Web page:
Do You Know Who Your Donors Are II

The Temple—Congregation Ohabai Sholom wasn’t sure they did. As the oldest and largest Jewish congregation in Nashville, they had facilities that had last been rebuilt in the 1950s. By the end of the century, with a membership which had doubled, a booming Nashville economy, and an aging building which didn’t match the physical standards and amenities of newer suburban temples, congregational leadership felt the need to consider possible paths forward. Could they really afford to renovate their facilities? Were members of the congregation supportive of the current programs? Would they financially support the undertaking? Looking for guidance in making their plans for the future, they reached out to Mersky, Jaffe & Associates.

They engaged MJA to conduct a feasibility study—an objective survey of fund-raising potential. The study would demonstrate the strength of the congregation’s case and the availability of people to lead a campaign and solicit the gifts of others. The most important outcome of the feasibility study would identify how much could be raised and from whom the funds would come.

MJA interviewed eighty-five people representing a cross-section of the congregation’s membership and gathered extensive information on their attitudes, interests, and willingness to contribute to a major building project. The report indicated who could lead such a campaign and even uncovered fifty-three donor prospects, people who would make and influence large gifts.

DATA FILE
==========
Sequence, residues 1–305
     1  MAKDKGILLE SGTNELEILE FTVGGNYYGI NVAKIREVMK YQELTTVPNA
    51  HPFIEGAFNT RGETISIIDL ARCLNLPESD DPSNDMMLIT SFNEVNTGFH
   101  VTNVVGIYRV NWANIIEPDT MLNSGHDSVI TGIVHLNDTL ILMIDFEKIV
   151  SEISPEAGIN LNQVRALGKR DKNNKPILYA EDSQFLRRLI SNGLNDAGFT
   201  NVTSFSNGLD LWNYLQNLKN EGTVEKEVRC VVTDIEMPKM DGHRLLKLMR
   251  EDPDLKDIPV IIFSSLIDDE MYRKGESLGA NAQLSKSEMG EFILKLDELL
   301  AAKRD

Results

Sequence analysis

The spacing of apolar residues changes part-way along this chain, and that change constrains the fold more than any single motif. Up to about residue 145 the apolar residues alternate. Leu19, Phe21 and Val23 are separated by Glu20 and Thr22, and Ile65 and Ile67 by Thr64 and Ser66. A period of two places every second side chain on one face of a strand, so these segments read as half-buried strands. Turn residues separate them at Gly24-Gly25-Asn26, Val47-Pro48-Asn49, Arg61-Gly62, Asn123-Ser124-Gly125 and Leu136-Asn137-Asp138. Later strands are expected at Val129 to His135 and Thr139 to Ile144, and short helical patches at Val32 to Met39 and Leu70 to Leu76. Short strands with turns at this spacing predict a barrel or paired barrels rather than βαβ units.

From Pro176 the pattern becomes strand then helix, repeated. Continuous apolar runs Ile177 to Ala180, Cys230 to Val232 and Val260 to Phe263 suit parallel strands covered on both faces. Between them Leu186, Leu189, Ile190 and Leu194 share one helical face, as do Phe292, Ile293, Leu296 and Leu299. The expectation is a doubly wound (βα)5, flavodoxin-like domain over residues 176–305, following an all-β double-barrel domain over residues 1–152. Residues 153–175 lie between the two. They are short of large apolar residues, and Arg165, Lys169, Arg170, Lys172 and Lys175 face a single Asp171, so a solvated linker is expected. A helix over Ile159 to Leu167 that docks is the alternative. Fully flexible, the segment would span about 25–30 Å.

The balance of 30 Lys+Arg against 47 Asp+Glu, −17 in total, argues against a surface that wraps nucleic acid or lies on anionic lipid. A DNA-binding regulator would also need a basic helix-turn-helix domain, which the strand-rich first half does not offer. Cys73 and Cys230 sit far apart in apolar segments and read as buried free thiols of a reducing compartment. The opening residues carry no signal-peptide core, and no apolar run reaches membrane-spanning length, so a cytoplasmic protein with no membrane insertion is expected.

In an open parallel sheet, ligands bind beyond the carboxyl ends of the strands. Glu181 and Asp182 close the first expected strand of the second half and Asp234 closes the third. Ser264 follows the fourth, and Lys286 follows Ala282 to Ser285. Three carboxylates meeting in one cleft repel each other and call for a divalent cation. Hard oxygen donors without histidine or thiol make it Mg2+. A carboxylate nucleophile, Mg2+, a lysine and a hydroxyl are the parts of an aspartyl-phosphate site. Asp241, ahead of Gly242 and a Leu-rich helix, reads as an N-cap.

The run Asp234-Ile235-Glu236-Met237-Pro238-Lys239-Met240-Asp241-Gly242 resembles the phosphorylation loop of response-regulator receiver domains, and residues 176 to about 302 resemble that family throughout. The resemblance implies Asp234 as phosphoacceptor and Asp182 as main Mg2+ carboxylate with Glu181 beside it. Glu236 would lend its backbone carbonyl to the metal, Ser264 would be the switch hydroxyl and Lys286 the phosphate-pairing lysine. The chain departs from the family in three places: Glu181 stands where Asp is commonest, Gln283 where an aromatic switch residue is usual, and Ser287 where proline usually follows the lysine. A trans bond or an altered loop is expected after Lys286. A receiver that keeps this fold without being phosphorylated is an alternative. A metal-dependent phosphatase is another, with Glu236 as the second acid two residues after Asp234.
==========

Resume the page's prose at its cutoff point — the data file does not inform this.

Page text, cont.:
One of the major findings of the feasibility study was that the leadership had significantly underestimated the level of commitment within the congregation. Although considering a campaign for $8.5 million when they approached MJA, the research found strong support for the project and estimated contributions of $9.9 million.

Heartened by these findings and valuing the relationship created by MJA consultants and members of the congregation, The Temple then engaged Mersky, Jaffe and Associates to manage the advanced gifts phase of the campaign. Principals of the firm trained leadership in the process of fundraising and the art of solicitation. MJA created and implemented a fundraising management system to track relationships and contributions.

In the end, Congregation Ohabai Sholom raised in excess of $12 million, more than enough to fund both the renovation and construction as well as an endowment for maintenance and operations of the vastly expanded facilities. Since the completion of the building campaign, The Temple has reached out for MJA’s counsel on two additional major fundraising initiatives.

By really getting to know their donors, Congregation Ohabai Sholom has assured its continuation as a vibrant force in Jewish communal life in Nashville.